We’re currently accepting applications for our Spring 2015 internship. If you’re motivated, highly organized, and passionate about multimedia, we’d love to hear from you. The internship generally runs from January to April, but start dates are flexible. We’re looking for applicants with experience in multimedia production, design, motion graphics, and/or web development. Internships are paid.
How to Apply
All applications must be submitted through our online application form. Applicants should be prepared to supply:
- Links to pieces produced/collaborated on (please indicate role in each)
- Available start/end dates
- Hours/week available
Applications are due November 1, 2014.
The Los Angeles Times offers a 10-week paid summer internship in photojournalism. Interns will work side by side with photography / multimedia staff and editors. This is an advanced internship in which you will be working on multimedia stories and daily photojournalism for all sections of the newspaper including news, features and sports. Applications must be received by November 14th, 2014.
Applicants must be actively working toward an undergraduate or graduate degree. Graduates may be eligible if you’ve finished school within six months of the start of the internship. Internships are for students who have not worked professionally as staff photographers. Applicants must have a valid driver’s license and access to a car in good working condition. Candidates should have 1-2 previous internships.
Email applications to email@example.com. Include:
- Cover letter
- One-page autobiography
- List of three references
- A link to an online portfolio with 2-3 photo or multimedia stories and a selection of single images.
- DVD portfolios can be mailed with completed packet to: Robert St. John, Photo Editor, Los Angeles Times / *3rd floor editorial, 202 W. 1st St. , Los Angeles, CA 90012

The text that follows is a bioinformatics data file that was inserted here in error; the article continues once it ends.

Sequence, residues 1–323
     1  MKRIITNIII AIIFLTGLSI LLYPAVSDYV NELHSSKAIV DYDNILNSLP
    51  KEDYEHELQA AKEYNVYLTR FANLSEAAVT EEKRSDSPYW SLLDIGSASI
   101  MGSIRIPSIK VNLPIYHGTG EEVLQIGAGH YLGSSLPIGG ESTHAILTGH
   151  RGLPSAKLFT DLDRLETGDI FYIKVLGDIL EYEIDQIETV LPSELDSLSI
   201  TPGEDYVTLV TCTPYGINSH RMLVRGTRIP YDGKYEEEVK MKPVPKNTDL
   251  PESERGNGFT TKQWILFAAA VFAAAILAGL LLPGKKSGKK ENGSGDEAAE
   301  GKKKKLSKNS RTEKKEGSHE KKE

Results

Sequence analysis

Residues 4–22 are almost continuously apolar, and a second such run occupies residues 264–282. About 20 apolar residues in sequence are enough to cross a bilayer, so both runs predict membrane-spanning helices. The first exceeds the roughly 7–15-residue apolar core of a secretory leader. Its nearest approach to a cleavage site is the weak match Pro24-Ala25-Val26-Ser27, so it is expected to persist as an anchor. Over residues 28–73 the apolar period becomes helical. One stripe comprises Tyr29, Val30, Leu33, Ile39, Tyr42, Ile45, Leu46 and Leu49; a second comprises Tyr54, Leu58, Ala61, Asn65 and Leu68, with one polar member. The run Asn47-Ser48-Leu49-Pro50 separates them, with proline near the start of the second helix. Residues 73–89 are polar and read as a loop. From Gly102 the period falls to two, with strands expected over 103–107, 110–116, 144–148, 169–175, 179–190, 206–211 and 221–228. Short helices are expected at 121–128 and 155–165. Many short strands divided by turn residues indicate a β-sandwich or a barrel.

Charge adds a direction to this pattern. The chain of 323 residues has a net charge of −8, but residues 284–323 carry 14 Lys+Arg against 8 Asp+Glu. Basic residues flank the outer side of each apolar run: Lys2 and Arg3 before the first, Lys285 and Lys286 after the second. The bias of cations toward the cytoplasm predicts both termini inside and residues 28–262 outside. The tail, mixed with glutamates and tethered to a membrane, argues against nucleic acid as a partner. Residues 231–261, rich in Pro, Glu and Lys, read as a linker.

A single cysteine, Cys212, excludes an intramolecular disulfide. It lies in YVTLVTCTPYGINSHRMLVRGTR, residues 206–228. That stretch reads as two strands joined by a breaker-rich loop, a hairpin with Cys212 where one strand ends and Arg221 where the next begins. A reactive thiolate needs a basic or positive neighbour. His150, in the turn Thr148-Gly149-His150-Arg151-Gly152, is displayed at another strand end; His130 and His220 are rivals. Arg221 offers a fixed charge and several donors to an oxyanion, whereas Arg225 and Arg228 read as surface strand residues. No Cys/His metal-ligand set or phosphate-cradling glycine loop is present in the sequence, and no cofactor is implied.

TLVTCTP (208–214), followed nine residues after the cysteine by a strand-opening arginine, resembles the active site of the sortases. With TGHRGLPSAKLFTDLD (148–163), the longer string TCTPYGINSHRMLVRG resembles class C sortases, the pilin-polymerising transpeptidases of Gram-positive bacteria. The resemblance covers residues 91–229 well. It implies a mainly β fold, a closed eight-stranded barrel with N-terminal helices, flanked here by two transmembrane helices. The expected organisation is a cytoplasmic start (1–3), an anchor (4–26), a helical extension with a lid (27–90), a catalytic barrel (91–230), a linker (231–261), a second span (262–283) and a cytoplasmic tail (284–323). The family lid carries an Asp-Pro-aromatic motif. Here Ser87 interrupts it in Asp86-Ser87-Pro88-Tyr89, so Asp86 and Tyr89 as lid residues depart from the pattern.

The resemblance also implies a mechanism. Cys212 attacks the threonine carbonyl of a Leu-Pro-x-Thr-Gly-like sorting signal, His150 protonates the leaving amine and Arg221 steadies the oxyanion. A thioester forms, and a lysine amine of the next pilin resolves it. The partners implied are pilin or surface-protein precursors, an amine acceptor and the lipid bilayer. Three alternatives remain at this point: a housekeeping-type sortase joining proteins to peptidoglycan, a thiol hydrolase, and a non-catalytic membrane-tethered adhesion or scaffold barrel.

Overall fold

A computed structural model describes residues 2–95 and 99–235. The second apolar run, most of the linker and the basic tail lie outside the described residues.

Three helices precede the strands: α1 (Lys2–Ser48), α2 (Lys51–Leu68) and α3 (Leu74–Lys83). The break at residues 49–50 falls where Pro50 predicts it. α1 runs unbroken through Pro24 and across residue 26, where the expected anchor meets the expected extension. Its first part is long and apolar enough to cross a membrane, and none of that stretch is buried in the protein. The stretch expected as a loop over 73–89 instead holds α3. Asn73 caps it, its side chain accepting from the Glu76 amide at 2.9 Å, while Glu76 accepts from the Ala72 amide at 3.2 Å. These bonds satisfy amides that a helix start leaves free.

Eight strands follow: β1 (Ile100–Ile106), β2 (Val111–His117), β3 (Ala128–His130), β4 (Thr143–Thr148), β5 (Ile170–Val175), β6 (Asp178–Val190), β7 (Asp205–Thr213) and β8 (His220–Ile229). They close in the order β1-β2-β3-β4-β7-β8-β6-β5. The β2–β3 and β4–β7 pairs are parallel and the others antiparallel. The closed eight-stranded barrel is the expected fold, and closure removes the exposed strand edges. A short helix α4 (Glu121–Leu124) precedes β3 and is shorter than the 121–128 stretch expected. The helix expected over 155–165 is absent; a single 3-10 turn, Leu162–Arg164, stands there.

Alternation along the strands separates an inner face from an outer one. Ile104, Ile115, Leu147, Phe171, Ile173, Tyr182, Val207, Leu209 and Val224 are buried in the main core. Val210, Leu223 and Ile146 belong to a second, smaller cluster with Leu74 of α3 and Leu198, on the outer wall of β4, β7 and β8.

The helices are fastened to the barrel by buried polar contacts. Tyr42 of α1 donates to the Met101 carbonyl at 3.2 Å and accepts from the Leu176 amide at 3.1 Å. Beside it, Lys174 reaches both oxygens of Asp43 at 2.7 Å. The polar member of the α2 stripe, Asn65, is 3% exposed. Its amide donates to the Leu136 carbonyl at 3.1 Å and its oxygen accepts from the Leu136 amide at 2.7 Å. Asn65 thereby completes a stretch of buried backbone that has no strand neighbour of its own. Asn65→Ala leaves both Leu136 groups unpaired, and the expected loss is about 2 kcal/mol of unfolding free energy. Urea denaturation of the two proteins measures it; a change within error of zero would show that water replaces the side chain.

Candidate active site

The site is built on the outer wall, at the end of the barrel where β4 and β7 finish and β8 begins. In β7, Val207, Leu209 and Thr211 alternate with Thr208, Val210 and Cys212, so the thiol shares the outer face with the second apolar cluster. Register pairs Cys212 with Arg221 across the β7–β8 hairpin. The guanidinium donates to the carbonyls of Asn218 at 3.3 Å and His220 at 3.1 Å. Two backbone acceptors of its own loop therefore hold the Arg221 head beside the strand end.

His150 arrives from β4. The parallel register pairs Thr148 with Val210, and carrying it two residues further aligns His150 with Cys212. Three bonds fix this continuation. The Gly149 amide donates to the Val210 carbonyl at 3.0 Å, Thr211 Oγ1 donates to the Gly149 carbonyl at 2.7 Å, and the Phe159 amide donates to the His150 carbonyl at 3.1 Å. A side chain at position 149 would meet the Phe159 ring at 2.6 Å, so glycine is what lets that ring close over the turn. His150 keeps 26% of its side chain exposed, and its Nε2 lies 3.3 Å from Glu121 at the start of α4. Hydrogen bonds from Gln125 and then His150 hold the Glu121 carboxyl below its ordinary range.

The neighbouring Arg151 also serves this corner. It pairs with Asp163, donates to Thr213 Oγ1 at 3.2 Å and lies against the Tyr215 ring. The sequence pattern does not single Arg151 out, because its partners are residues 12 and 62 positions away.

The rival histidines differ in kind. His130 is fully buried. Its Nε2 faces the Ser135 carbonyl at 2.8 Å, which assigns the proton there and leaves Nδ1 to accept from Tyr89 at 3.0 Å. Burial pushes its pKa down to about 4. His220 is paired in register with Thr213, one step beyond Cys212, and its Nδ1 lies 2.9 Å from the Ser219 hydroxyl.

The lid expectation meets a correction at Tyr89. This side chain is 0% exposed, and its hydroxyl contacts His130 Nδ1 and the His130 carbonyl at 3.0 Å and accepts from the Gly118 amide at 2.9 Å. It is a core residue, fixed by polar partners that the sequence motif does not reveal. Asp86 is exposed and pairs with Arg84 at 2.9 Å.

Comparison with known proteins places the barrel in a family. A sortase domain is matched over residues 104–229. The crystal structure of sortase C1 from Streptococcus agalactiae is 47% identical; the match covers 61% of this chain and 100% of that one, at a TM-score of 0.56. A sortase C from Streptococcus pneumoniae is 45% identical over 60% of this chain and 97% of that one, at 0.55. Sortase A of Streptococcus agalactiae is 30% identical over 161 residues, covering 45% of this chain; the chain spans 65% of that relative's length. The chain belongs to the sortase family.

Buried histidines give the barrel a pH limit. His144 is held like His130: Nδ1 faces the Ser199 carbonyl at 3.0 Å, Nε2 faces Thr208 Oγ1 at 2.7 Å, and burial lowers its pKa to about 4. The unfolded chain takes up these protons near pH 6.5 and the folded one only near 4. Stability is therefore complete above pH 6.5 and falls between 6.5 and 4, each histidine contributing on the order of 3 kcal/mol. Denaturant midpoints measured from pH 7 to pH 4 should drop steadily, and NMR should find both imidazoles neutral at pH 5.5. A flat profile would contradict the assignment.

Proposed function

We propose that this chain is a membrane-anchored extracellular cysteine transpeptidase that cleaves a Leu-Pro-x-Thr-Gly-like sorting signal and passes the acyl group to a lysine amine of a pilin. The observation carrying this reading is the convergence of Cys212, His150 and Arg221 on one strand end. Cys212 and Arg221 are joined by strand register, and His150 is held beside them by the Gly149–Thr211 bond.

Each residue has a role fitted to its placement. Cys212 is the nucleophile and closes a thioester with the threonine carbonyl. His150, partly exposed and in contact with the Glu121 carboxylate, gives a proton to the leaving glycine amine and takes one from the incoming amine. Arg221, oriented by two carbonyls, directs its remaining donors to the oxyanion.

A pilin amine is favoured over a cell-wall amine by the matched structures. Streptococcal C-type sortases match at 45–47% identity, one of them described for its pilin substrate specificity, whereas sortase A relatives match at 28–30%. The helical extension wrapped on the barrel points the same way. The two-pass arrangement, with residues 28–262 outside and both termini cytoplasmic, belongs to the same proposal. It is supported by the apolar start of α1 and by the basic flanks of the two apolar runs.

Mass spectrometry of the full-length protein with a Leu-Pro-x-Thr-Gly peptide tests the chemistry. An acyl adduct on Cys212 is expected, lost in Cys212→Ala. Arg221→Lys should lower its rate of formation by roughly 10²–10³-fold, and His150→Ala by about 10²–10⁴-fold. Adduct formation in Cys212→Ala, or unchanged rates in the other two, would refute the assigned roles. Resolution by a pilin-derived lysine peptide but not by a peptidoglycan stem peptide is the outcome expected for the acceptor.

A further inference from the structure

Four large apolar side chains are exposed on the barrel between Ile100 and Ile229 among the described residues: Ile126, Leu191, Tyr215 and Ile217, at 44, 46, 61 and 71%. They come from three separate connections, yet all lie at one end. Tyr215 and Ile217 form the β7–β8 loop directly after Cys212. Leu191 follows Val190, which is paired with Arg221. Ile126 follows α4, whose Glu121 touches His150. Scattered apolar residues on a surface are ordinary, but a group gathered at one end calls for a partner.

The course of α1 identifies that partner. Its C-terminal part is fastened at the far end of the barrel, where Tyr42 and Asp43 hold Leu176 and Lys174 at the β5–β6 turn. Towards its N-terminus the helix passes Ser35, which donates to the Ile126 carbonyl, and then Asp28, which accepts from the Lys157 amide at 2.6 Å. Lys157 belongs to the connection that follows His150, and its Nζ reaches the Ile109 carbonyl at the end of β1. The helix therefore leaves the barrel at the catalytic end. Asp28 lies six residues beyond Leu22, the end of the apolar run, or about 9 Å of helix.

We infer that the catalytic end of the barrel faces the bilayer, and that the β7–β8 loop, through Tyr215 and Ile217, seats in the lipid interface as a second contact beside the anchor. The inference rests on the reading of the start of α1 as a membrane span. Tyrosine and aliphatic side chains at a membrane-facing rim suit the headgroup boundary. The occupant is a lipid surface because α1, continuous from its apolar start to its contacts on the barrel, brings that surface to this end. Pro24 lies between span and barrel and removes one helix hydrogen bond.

PDN and Rangefinder identified 20 emerging artists to watch in film and video. The InMotion honorees are young artists that have been working at a professional level for five years or less and were nominated by respected industry creatives in commercial, editorial, documentary and wedding fields. There are a few familiar faces among them including MediaStorm’s director of photography Andrew Michael Ellis, Storytelling Workshop participant Gillian Laub and past interns Jon Kasbe and Maisie Crow.
Congratulations to our colleagues and friends! See their exceptional work here:
They Came At Night by Andrew Ellis
This article is part of a series of posts with tips and tricks from our producers’ experience working with Adobe Premiere Pro CC after years of working in Final Cut Pro. To read more about why we made the switch, check out this post.
A great new feature in the most recent update to Premiere Pro (2014.1) is the ability to create search bins.
Search bins act like smart folders, allowing you to filter your assets for specific criterion. This is enormously helpful for locating similar items that are otherwise scattered across your project.
There are three ways to create a smart bin:
- Click the search bin icon at the top of a Project Window
- Right-Click in the Project window and select New Search Bin…
- Select the menu File > Search Bin
You will then be presented with the Edit Search Bin window where you can enter your search criterion.
They are 19 filtering options including name, codec, and comments. There’s also a boolean option of And and Or.
Enter your search request and click OK. A new search bin will be created.
In the example below I searched for any file or sequence that contained the name Three.
To change your search criteria, right click on the search bin and choose Edit Search Bin…
You’ll be presented again with Edit Search Bin window where you can alter your search parameters.